Enyart v. O'Brien et al

Filing 4

REPORT AND RECOMMENDATIONS: It is RECOMMENDED that the Court dismiss Plaintiffs claims pursuant to Section 1915A re 1 Complaint filed by Richard E Enyart, Jr Objections to R&R due by 11/27/2017. Signed by Magistrate Judge Elizabeth Preston Deavers on November 13, 2017. (jlk) (This document has been sent by regular mail to the party(ies) listed in the NEF that did not receive electronic notification.)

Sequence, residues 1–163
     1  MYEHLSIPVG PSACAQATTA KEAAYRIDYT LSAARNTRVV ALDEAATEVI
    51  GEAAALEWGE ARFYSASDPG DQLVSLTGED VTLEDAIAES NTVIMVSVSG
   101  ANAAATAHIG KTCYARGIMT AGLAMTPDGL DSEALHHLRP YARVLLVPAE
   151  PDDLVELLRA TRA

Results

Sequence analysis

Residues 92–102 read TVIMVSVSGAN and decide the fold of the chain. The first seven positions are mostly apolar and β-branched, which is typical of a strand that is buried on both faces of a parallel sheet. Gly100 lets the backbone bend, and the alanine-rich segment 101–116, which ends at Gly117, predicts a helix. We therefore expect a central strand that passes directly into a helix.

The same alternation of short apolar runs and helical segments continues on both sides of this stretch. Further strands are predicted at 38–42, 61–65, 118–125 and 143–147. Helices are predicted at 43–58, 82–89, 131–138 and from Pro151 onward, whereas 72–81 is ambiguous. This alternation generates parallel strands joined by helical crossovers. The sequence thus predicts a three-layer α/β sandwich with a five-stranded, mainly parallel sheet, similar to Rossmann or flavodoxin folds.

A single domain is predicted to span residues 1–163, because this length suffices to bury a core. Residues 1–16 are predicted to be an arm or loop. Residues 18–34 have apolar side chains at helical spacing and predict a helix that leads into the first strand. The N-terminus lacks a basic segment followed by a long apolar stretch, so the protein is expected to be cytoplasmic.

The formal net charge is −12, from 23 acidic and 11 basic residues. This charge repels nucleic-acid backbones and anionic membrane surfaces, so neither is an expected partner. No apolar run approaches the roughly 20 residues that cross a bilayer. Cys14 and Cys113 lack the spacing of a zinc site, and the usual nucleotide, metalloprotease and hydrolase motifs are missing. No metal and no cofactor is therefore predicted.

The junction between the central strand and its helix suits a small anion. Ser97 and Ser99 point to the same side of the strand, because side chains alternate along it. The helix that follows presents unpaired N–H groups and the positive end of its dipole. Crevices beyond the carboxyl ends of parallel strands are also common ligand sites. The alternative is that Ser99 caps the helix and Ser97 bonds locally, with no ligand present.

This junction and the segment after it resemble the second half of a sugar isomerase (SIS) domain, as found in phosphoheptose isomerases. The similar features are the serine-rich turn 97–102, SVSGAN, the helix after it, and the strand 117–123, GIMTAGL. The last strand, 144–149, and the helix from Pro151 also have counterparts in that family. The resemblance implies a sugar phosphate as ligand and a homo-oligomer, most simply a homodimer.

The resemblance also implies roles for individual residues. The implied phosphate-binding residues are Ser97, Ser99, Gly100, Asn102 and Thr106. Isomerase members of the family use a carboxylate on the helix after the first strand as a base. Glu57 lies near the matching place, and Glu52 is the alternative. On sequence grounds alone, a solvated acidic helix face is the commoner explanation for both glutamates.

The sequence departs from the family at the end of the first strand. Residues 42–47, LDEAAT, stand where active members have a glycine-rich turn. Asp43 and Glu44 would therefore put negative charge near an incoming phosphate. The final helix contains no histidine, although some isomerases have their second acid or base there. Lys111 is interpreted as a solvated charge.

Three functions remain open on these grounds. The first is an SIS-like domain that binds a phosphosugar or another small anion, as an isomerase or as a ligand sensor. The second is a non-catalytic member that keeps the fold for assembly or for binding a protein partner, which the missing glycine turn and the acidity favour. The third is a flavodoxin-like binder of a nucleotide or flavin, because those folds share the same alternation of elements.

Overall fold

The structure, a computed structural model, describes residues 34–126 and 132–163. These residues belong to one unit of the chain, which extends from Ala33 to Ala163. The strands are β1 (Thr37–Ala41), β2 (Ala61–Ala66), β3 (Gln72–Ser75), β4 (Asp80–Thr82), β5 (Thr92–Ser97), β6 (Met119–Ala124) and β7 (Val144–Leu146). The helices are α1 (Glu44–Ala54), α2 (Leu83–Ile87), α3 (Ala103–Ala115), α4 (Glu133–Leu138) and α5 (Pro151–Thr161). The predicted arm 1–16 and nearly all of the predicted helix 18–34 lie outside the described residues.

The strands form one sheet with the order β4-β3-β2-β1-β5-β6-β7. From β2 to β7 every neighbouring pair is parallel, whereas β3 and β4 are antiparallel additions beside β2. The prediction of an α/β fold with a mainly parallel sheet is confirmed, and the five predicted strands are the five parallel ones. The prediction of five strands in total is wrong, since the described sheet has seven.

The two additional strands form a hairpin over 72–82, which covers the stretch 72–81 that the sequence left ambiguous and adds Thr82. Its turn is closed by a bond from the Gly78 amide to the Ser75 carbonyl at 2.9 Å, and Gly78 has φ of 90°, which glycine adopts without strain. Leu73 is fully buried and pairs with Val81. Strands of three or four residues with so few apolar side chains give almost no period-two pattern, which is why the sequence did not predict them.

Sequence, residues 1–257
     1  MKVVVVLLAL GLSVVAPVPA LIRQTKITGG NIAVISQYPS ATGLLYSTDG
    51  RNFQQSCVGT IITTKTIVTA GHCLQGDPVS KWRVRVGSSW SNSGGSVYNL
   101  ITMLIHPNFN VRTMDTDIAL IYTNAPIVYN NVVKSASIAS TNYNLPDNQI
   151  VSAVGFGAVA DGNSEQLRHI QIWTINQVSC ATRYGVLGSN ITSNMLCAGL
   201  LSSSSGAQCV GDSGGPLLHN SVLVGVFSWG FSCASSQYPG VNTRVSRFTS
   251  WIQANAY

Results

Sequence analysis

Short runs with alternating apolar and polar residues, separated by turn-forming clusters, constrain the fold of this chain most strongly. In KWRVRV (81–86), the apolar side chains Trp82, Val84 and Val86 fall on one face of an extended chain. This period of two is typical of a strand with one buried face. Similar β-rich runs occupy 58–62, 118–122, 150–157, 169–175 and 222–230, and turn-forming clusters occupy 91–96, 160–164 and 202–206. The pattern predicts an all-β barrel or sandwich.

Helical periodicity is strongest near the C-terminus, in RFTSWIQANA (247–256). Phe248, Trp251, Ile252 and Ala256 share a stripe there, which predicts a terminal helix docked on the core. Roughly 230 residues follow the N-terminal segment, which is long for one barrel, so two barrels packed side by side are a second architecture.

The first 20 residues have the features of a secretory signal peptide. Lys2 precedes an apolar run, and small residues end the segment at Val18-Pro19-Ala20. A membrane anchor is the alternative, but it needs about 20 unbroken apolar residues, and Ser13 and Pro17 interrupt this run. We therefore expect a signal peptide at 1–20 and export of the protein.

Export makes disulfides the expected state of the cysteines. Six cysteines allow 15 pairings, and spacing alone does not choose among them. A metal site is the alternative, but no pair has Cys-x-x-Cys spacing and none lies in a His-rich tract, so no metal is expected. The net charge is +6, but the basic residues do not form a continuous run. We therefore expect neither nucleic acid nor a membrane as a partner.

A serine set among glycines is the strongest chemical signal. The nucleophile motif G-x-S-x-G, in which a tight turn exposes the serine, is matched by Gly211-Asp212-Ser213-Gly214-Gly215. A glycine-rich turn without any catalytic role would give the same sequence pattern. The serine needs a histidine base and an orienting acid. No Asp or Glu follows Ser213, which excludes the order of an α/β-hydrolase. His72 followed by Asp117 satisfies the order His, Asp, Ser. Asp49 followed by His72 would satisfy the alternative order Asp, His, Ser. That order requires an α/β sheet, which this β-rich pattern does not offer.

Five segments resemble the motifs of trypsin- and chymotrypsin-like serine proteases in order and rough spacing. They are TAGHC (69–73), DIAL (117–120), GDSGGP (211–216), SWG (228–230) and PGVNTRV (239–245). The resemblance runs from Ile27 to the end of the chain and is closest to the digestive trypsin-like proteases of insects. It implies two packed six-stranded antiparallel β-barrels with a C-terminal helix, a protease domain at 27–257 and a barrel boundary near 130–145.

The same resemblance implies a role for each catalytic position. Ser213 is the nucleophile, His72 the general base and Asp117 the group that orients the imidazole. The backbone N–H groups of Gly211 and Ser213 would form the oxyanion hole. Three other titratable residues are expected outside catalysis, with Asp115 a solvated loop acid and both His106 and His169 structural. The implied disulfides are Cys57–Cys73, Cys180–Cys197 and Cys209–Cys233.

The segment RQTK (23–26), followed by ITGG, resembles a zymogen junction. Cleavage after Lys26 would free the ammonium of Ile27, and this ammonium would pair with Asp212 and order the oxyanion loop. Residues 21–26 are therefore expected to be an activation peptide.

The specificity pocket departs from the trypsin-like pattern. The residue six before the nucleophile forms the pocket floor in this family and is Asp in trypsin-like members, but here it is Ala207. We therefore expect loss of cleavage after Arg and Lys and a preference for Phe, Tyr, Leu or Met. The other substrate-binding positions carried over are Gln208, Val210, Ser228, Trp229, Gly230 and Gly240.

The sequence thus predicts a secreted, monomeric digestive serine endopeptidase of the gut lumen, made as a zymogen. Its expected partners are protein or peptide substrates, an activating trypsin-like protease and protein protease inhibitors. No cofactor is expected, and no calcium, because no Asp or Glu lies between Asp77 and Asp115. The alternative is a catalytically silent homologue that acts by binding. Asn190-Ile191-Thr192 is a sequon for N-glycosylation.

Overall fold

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UNITED STATES DISTRICT COURT SOUTHERN DISTRICT OF OHIO EASTERN DIVISION RICHARD E. ENYART, Plaintiff, Civil Action 2:17-cv-877 Judge George C. Smith Magistrate Judge Elizabeth P. Deavers v. RON O’BRIEN, et al., Defendants. INITIAL SCREEN REPORT AND RECOMMENDATION Plaintiff, a state inmate under the supervision of the Ohio Department of Rehabilitation and correction, brings this prisoner civil rights action under 42 U.S.C. § 1983. (ECF Nos. 1 & 16.) This matter is before the Court sua sponte for an initial screen of Plaintiff’s Complaint as required by 28 U.S.C. § 1915A to identify cognizable claims and to recommend dismissal of Plaintiff’s Complaint, or any portion of it, which is frivolous, malicious, fails to state a claim upon which relief may be granted, or seeks monetary relief from a defendant who is immune from such relief. 28 U.S.C. § 1915A(b). Having performed the initial screen, for the reasons that follow, it is RECOMMENDED that the Court DISMISS this Plaintiff’s claims against Defendants for failure to assert any claim over which this Court has subject matter jurisdiction. 1 I. Congress has authorized the sua sponte dismissal of complaints that fail to state a claim upon which relief maybe granted. 2 8 U.S.C. §§ 1915 (e)(2)(B)(ii) and 1915A(b)(1). A complaint filed by a pro se plaintiff must be “liberally construed” and “held to less stringent standards than formal pleadings drafted by lawyers.” Erickson v. Pardus, 551 U.S. 89, 94 (2007) (per curiam) (quoting Estelle v. Gamble, 429 U.S. 97, 106 (1976)). By the same token, however, the complaint “must contain sufficient factual matter, accepted as true, to ‘state a claim to relief that is plausible on its face.’” Ashcroft v. Iqbal, 556 U.S. 662, 678 (2009) (quoting Bell Atlantic Corp. v. Twombly, 550 U.S. 544, 570 (2007)); see also Hill v. Lappin, 630 F.3d 468, 470-71 (6th Cir. 2010) (“dismissal standard articulated in Iqbal and Twombly governs dismissals for failure to state a claim” under §§ 1915A(b)(1) and 1915(e)(2)(B)(ii)). A federal court has limited subject matter jurisdiction. “The basic statutory grants of federal court subject-matter jurisdiction are contained in 28 U.S.C. § 1331, which provides for ‘[f]ederal-question’ jurisdiction, and § 1332, which provides for ‘[d]iversity of citizenship’ jurisdiction.” Arbaugh v. Y&H Corp., 546 U.S. 500, 501 (2006). Federal-question jurisdiction is invoked when a plaintiff pleads a claim “arising under” the federal laws, the Constitution, or treaties of the United States. Id. (citation omitted). For a federal court to have diversity jurisdiction pursuant to Section 1332(a), there must be complete diversity, which means that each plaintiff must be a citizen of a different state than each defendant, and the amount in controversy must exceed $75,000. Caterpillar, Inc. v. Lewis, 519 U.S. 61, 68 (1996). II. According to the Complaint, Defendants were involved in various capacities with searches of Plaintiff’s residence and Plaintiff’s subsequent arrest, police interrogation, and prosectution in 2007. (ECF No. 1 at 4-.11) Plaintiff argues that Defendants’ actions violated his rights under the Fourth, Fifth, Sixth, Eighth, and Fourteenth Amendments of the U.S. Constitution. (Id. at 12-21.) Plaintiff seeks various declaratory judgments; nominal, compensatory, and punitive damages against all defendants; and, an award of costs and fees. (Id. at 24.) III. A. Statute of Limitations Plaintiff purports to bring his claims under 42 U.S.C. § 1983. (Id. at 2.) The statute of limitations applicable to claims arising in Ohio under 42 U.S.C. § 1983 is the two-year statute of limitations found in Ohio Revised Code § 2305.10. Boddie v. Barstow, No. 2:14-CV-0106, 2014 WL 2611321, at *2 (S.D. Ohio May 2, 2014), report and recommendation adopted, No. 2:14CV-106, 2014 WL 2608123 (S.D. Ohio June 11, 2014) (citing Browning v. Pendleton, 869 F.2d 989 (6th Cir. 1989)). “Although the statute of limitations is normally an affirmative defense that must be raised by defendants in an answer, if the limitations bar appears on the face of the complaint, the Court may apply it during the initial screening process.” Boddie, 2014 WL 2611321, at *3 (citing Watson v. Wayne County, 90 F. App’x. 814, at *1 (6th Cir. January 26, 2004)) (“If a statute of limitations defense clearly appears on the face of a pleading, the district court can raise the issue sua sponte”). This Court has applied that rule in cases screened under § 1915A. Id. (citing Smith v. Warren County Sherif’s Dept., 2010 WL 761894 (S.D. Ohio March 2, 2010)). Accordingly, the Court must look to the allegations in the Complaint to determine whether the action has been filed within the applicable two-year period. 3 Here, it is clear that all of the conduct alleged in the Complaint occurred prior to the applicable two-year period. The alleged actions took place ten years ago, between August and January 2008. (ECF No. 1). The Undersigned, therefore, recommends that the Complaint be dismissed for failure to state a claim on which relief may be granted. B. Habeas Corpus Claims Plaintiff purports to bring this action under 42 U.S.C. § 1983. To the extent that Plaintiff seeks an order declaring that his state court conviction was obtained in violation of his rights guaranteed under the United States Constitution, however, Plaintiff must proceed by filing a petition for writ of habeas corpus under 28 U.S.C. § 2254.1 A civil rights action is not a substitute for habeas corpus. When a prisoner challenges the fact or duration of his confinement, his sole federal remedy is habeas corpus. Heck v. Humphrey, 512 U.S. 477, 787 (1994); Skinner v. Switzer, 562 U.S. 521, 525 (2011) (“Habeas is the exclusive remedy . . . for a prisoner who seeks immediate or speedier release from confinement.”). A convicted criminal defendant cannot bring a claim under 42 U.S.C. § 1983 if a judgment on the claim “would necessarily imply the invalidity” of his criminal conviction and that conviction has not been set aside. Heck, 512 U.S. at 487. Here, Plaintiff seeks declaratory judgments that his Fourth, Sixth, and Fourteenth Amendment rights were violated during evidentiary searches, his arrest, post-arrest 1 The Court notes that Plaintiff has already sought post-conviction relief, including habeas corpus relief, in both the state and federal courts on grounds identical to those presented here. Plaintiff was denied relief in both systems, and in both cases the U.S. Supreme Court declined to issue a writ of certiorari. Enyart v. Coleman, 29 F. Supp. 3d 1059 (N.D. Ohio 2014), petition for cert. denied sub nom. Enyart v. Erdos, 136 S. Ct. 339 (2015) (denying cert. for habeas corpus review); State v. Enyart, Nos. 08AP-184, 08AP-318, 2010 WL 4681889 (Ohio App. 10th Nov. 18, 2010), petition for cert. denied sub nom. Enyart v. Ohio, 565 U.S. 862 (2011) (denying cert. for direct review of his state court conviction). 4 searches, and post-arrest police interrogation, which would necessarily implicate the validity of his conviction. A judgment for plaintiff, therefore, would necessarily undermine his criminal conviction. Consequently, the Complaint fails to state a claim for relief under 42 U.S.C. § 1983. If, alternatively, the “due process” which Enyart seeks consists of monetary damages from Defendants, he cannot recover damages in a § 1983 proceeding, based on the doctrine set forth in Heck. Plaintiff’s allegations that Defendants violated his constitutional rights during various stages of his state criminal case amount to no more than a collateral challenge of his imprisonment. “[I]n order to recover damages for allegedly unconstitutional conviction or imprisonment, or for other harm caused by actions whose unlawfulness would render a conviction or sentence invalid, a § 1983 plaintiff must prove that the conviction or sentence has been [overturned].” Heck, 512 U.S. at 486–87. In other words, before Plaintiff may seek money damages in a federal civil rights proceeding in which he appears to claim that his conviction was unlawfully obtained, he must first show that his conviction has been overturned or set aside. IV. For the reasons explained above, Plaintiff’s Complaint fails to assert any claim over which this Court has subject matter jurisdiction. Accordingly, the Undersigned finds that Plaintiff has not made out viable claims upon which relief may be granted against any of the named defendants. It is therefore RECOMMENDED that the Court dismiss Plaintiff’s claims pursuant to Section 1915A. PROCEDURE ON OBJECTIONS If any party seeks review by the District Judge of this Report and Recommendation, that party may, within fourteen (14) days, file and serve on all parties objections to the Report and Recommendation, specifically designating this Report and Recommendation, and the part in 5 question, as well as the basis for objection. 28 U.S.C. § 636(b)(1); Fed. R. Civ. P. 72(b). Response to objections must be filed within fourteen (14) days after being served with a copy. Fed. R. Civ. P. 72(b). The parties are specifically advised that the failure to object to the Report and Recommendation will result in a waiver of the right to de novo review of by the District Judge and waiver of the right to appeal the judgment of the District Court. See, e.g., Pfahler v. Nat’l Latex Prod. Co., 517 F.3d 816, 829 (6th Cir. 2007) (holding that “failure to object to the magistrate judge’s recommendations constituted a waiver of [th defendant’s] ability to appeal the district court’s ruling”); United States v. Sullivan, 431 F.3d 976, 984 (6th Cir. 2005) (holding that defendant waived appeal of district court’s denial of pretrial motion by failing to timely object to magistrate judge’s report and recommendation). Even when timely objections are filed, appellate review of issues not raised in those objections is waived. Robert v. Tesson, 507 F.3d 981, 994 (6th Cir. 2007) (“[A] general objection to a magistrate judge’s report, which fails to specify the issues of contention, does not suffice to preserve an issue for appeal . . . .” (citation omitted)). Date: November 13, 2017 /s/ Elizabeth A. Preston Deavers ELIZABETH A. PRESTON DEAVERS UNITED STATES MAGISTRATE JUDGE 6